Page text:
Sunday, September 27, 2015

Invasion U.S.A. (1985)

Evil Soviet bad guy Mikhail Rostov (Richard Lynch) has an evil plan to finally bring down the Land of the Free™. He’s going to bring in a bunch of international people of evil, and have them start a mass of terrorist attacks, preferably staged in such a way the divergent social groups of the country will be set at each other’s throats and people will start to learn to distrust authority (gasp!). Alternatively, these attacks are set against Christmas trees, American flags, white little girls and shopping malls. Yup, that’s the titular invasion, even though it’s not actually an invasion in a classic Cannon manoeuvre.

The only thing Rostov fears is former CIA agent Matt Hunter (Chuck Norris). Hunter, you see, once nearly killed Rostov and only turned a deadly shot into a show-off martial artist kick because his higher-ups said so. Lucky for Rostov, Hunter has quit his job and is now living somewhere in the swamps of Florida, eating frogs and petting an armadillo, and even when asked to return to go after Rostov, he grumpily declines. Alas, Rostov’s Chuckophobia convinces him a preventive attack on our hero’s (oh gawd) home is the best way to go; of course, that only kills Hunter’s native American buddy (and possibly the armadillo), and makes the man righteously angry, which is to say induces mild muscular movement in his face and turns him into a torturing, murdering sadist now very pleased to hunt murdering, torturing sadist Rostov and his men down. What a patriot!

Cannon’s Invasion U.S.A. takes a particularly honoured place in the line-up of ultra-jingoistic US action movies of the 80s because it is raving so wildly it is at times difficult to discern if Joseph Zito’s film is in fact an expression of the right-wing frothing of its time or indeed a parody through hyperbole. Of course, given Chuck Norris’s well-known politics, and the fact he is actually listed as a screenwriter, it’s probably right-wing raving that accidentally turns into parody, even though I do find it rather improbable nobody involved realized that the film’s hero is a creepy sociopath who really, really loves to kill and torture people.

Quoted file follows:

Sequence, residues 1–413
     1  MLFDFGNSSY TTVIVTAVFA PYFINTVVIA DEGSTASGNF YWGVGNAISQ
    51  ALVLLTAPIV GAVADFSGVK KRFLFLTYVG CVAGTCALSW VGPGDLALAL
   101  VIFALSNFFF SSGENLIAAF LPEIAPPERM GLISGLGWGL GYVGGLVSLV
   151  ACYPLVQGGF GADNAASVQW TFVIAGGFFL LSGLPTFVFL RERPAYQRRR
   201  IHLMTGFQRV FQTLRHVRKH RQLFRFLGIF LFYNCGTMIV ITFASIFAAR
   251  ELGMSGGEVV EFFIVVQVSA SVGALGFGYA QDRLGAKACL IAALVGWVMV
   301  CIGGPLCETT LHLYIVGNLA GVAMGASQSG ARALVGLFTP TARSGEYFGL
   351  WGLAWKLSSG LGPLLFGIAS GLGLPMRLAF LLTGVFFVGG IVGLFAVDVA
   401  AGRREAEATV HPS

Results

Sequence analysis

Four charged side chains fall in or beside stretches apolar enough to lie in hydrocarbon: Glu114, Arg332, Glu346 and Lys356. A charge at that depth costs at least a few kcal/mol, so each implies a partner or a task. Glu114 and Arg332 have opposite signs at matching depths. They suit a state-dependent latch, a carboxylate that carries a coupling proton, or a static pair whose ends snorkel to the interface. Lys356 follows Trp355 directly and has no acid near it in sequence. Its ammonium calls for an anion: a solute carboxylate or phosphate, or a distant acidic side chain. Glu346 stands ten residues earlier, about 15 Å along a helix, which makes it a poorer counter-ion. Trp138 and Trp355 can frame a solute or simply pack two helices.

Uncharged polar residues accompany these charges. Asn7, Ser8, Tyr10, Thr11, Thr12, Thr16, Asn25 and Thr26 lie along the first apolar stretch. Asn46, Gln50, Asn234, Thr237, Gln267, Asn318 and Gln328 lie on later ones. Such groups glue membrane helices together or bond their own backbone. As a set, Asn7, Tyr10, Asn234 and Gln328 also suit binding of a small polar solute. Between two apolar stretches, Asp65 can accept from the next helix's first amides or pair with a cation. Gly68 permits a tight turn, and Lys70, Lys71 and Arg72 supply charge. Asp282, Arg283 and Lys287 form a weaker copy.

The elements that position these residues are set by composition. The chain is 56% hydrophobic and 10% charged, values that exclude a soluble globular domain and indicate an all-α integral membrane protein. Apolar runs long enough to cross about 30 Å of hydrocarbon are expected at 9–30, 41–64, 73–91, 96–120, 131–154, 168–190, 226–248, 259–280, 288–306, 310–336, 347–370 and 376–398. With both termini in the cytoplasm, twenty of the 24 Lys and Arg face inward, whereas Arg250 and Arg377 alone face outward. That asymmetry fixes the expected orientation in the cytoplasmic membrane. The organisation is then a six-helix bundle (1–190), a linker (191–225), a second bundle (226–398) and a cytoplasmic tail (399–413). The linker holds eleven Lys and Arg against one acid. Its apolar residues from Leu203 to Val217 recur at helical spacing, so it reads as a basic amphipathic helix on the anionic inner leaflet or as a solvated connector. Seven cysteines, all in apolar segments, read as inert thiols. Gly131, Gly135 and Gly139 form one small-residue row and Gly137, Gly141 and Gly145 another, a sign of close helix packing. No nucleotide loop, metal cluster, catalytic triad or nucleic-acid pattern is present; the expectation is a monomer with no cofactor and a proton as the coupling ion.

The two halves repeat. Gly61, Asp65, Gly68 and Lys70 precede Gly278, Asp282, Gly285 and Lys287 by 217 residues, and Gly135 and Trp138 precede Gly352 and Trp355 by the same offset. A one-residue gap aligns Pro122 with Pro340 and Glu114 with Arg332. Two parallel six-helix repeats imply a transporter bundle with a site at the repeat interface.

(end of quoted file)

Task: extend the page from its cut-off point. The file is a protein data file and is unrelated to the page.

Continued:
Part of the rather disturbing impression Norris makes here is the fault of the way the script writes around his flaws as an actor, namely, that he can’t emote at all, and that his delivery of any piece of dialogue longer than a one-liner is usually just wrong and often utterly bizarre. What choice is there than to make him a guy who has no friends, doesn’t actually talk to people (not even an “are you alright?” for innocent bystanders), and who prowls the nightly streets of your random South Eastern US city like a serial killer looking for prey? It doesn’t help that the Norris school (and its most horrifying brother, the Seagal school) of action heroics never lets its hero show weakness at all, so where JCVD or Lundgren, or even Michael Dudikoff (the future Matt Hunter, even though the characters share nothing beyond the South and a talent for violence) from time to time get a beat down or seem actually perturbed and aggravated by the violence around them, Norris just robotically and effortlessly murders his enemies.

On the positive side, Norris is the ideal opposite to Richard Lynch’s high-strung and weaselly performance, his often hilarious joy at destroying suburbs, school busses, and whatever else “typically American” making him easy to love (hate?), his every twitch turning him into the Anti-Norris. And yeah, I was sort of rooting for him to at least take Chuck with him.

Lynch isn’t the only one showing great enthusiasm for destruction though. Zito’s direction takes all the crassness, the stupidity, and the plain weirdness of the script and turns it into the one true kind of poetry action cinema knows, motion and explosions, using every editing trick, every suspense technique, and every loud noise in the book to create a real magnum opus of the stupidly overblown, on a Cannon budget. And while the film’s politics are dubious at best, and its lead actor isn’t up to snuff, Invasion U.S.A. is such an unapologetic bit of action cinema I can’t help but love it.

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